gloveyoudaoicibaDictYouDict[glove 词源字典]
glove: [OE] Not surprisingly, most words for ‘glove’ in European languages are related in some way to words for ‘hand’; German handschuh and Dutch handschoen, for example, mean literally ‘handshoe’; Greek kheirís was derived from kheíris ‘hand’; and Romanian manusa was based on Latin manus ‘hand’. And glove appears to be no exception; it probably goes back to a prehistoric Germanic *galōfō, in which *ga- was a collective prefix and lōfō meant ‘hand’ (Swedish dialect loof ‘palm of the hand’ comes from it).
[glove etymology, glove origin, 英语词源]
glove (n.)youdaoicibaDictYouDict
Old English glof "glove, covering for the hand having separate sheaths for the fingers," also "palm of the hand," from Proto-Germanic *galofo "covering for the hand" (cognates: Old Norse glofi), probably from *ga- collective prefix + *lofi "hand" (cognates: Old Norse lofi, Middle English love, Gothic lofa "flat of the hand"), from PIE *lep- (2) "be flat; palm, sole, shoulder blade" (cognates: Russian lopata "shovel;" Lithuanian lopa "claw," lopeta "shovel, spade").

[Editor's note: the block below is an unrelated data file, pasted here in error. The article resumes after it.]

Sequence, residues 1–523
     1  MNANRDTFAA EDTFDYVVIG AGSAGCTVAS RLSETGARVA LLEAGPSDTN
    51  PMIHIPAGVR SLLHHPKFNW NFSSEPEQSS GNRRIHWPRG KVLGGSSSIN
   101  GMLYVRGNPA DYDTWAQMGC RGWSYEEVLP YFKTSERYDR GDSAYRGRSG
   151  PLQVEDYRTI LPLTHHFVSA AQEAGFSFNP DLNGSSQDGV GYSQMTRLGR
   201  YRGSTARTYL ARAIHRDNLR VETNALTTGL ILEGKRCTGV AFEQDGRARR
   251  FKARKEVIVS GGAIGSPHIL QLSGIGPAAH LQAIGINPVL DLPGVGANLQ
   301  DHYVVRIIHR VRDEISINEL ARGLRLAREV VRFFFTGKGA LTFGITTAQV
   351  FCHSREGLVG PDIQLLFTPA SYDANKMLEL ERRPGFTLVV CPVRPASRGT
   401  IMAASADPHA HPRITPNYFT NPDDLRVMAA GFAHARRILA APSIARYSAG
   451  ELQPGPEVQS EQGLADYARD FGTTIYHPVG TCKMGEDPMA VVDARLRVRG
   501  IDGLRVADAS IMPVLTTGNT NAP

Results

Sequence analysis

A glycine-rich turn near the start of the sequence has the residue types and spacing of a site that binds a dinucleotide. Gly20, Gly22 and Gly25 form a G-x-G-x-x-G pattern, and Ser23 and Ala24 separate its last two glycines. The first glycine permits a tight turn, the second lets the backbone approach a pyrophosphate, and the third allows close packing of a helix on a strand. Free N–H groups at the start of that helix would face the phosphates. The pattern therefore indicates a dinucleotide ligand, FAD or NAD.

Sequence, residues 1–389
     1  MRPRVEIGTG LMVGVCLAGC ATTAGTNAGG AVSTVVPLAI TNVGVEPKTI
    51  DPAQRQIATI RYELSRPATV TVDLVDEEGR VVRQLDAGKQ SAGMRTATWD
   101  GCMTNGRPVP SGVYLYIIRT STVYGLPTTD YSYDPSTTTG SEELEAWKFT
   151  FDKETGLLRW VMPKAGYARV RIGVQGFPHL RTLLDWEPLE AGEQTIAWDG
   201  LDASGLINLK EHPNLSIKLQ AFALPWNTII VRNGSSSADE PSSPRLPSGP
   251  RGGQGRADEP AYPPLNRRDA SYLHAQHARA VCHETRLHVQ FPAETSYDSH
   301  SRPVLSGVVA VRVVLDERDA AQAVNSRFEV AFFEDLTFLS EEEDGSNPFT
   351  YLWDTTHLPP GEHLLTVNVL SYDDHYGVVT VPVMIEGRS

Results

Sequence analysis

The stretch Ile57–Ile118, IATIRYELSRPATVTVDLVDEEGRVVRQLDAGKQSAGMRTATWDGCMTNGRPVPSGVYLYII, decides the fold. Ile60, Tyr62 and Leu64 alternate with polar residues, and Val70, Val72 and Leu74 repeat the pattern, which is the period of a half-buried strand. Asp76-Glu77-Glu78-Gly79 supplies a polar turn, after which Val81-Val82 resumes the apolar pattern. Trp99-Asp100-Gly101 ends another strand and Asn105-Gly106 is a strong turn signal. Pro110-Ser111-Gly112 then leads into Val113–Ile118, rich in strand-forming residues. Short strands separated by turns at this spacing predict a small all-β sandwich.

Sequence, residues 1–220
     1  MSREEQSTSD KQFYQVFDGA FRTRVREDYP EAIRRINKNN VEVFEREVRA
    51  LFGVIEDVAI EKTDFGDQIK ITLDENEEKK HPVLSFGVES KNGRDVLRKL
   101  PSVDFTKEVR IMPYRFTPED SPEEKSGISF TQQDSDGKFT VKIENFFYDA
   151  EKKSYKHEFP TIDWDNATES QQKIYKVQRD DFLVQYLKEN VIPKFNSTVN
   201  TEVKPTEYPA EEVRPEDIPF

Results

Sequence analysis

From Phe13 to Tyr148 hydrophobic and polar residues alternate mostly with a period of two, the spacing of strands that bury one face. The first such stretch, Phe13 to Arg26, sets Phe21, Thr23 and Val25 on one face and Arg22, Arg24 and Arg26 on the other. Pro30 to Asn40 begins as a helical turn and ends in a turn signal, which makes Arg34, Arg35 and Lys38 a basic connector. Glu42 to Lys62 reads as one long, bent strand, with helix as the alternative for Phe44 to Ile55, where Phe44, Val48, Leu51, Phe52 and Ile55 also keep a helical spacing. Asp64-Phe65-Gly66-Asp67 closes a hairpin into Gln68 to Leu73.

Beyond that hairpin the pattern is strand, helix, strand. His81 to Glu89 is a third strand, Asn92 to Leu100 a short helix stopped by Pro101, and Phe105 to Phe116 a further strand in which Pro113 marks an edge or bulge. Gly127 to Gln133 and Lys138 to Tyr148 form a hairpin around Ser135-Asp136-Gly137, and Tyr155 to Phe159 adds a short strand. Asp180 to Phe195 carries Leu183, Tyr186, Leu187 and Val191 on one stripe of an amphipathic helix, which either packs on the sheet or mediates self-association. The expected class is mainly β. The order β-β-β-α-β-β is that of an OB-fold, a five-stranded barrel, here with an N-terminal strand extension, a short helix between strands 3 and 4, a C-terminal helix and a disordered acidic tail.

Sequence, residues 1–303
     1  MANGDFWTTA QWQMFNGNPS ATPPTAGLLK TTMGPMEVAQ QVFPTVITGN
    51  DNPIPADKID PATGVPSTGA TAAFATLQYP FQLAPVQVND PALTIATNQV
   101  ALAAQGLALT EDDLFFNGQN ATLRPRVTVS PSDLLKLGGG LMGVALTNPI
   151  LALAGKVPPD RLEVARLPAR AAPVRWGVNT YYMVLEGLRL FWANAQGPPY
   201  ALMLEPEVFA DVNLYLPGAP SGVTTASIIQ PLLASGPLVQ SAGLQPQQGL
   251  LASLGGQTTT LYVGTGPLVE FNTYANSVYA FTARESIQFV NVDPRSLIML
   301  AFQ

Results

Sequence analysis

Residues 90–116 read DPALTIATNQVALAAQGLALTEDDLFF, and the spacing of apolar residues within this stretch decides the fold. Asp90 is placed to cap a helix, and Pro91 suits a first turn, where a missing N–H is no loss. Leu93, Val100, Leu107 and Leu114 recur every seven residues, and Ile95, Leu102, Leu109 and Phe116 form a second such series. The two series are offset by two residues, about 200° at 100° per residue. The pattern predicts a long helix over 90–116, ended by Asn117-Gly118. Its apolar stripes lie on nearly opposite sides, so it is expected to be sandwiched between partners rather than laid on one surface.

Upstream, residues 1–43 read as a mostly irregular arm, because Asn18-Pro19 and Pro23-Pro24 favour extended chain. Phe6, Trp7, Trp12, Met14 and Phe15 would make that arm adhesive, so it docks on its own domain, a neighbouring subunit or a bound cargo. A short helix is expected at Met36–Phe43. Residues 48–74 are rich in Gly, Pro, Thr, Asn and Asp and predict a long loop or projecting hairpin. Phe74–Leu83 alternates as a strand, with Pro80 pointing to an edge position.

German Handschuh, the usual word for "glove," literally "hand-shoe" (Old High German hantscuoh; also Danish and Swedish hantsche) is represented by Old English Handscio (the name of one of Beowulf's companions, eaten by Grendel), but this is attested only as a proper name. Meaning "boxing glove" is from 1847. Figurative use of fit like a glove is by 1771.
glove (v.)youdaoicibaDictYouDict
"to cover or fit with a glove," c. 1400, from glove (n.). Related: Gloved; gloving. Old English had adjective glofed. Glover as a surname is from mid-13c.